Conservation: Bridge of hope for world's rarest primate

2020/10/27 13:21

Today's Vocabulary

1. roam (v)
to move about or travel, especially without a clear idea of what you are going to do

2.  species (n)
a set of animals or plants in which the members have similar characteristics to each other and can breed with each other

3. foraging (v)
to go from place to place searching for things that you can eat or use

4. extinction (n)
a situation in which something no longer exists

5. conservation (n)
the protection of plants and animals, natural areas, and interesting and important structures and buildings, especially from the damaging effects of human activity

6. poaching (v)
to cook something such as a fish, or an egg with its shell removed, by putting it in gently boiling water or other liquid

7. canopy (n)
to notice something that is partly hidden or not clear, or to discover something, especially using a special method

Conservation: Bridge of hope for world's rarest primate

Swinging through the treetops comes naturally for gibbons. But that’s tricky if a landslide has torn a huge gap in the forest, making it difficult to roam far and wide, to find food or meet a date.

For the rarest primate in the world, there’s now a temporary solution: a rope bridge reconnecting the trees. Some used the ropes as a handrail, others swung by their arms and the most daring walked the tightrope.

The primate lives only in the forests of China’s Hainan island.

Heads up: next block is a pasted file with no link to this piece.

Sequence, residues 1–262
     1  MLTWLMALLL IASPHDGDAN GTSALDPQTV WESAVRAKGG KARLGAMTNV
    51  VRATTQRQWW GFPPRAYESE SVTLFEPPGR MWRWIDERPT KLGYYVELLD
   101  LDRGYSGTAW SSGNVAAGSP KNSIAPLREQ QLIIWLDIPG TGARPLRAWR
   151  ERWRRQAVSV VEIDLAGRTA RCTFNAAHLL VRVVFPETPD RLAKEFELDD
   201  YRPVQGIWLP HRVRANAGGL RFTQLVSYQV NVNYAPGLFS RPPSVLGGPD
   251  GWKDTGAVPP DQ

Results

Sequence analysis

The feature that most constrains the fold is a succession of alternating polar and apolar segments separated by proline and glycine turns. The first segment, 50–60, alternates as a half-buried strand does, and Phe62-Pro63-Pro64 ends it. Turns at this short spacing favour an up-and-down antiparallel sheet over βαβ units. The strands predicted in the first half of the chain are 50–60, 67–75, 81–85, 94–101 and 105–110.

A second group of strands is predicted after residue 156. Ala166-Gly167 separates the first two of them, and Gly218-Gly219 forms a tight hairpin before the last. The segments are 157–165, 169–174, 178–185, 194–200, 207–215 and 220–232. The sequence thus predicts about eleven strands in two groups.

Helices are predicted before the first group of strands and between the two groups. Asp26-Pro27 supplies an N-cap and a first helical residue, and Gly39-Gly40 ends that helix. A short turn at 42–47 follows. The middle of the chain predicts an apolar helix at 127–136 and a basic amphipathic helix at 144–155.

A small number of primates, including the orangutan, have been seen to use artificial rope bridges. But this is the first time the Hainan Gibbon has learnt the ropes.

Dr Bosco Chan says the rope bridge should help boost numbers as part of various conservation efforts. Reforestation should be the priority in preventing extinction of the species, he added. “We need to make sure we control poaching effectively, expand lowland forest which is the optimal habitat for gibbons, and keep monitoring the gibbon groups to predict and prevent any threats. “

Within their habitat, they travel above ground from tree to tree. Gaps in the canopy, both natural and man-made, can tie them to a specific area, interfering with foraging and breeding, and increasing the risk of predation.

Nearly 20 gibbon species exist throughout the world, from northeastern India to Borneo. Most are under threat from the destruction of forests, hunting and illegal trade.Two species of gibbon have recently disappeared in China and all surviving Chinese species, including the Hainan Gibbon (Nomascus hainanus), are classified as Critically Endangered by the International Union for the Conservation of Nature.

  1. What are your thoughts on endangered species?

  2. Which animal would you most like to protect and why?

  3. What should the world do to stop the trade in endangered animals?

“Much of human behavior can be explained by watching the wild beasts around us. They are constantly teaching us things about ourselves and the way of the universe, but most people are too blind to watch and listen.”

Suzy Kassem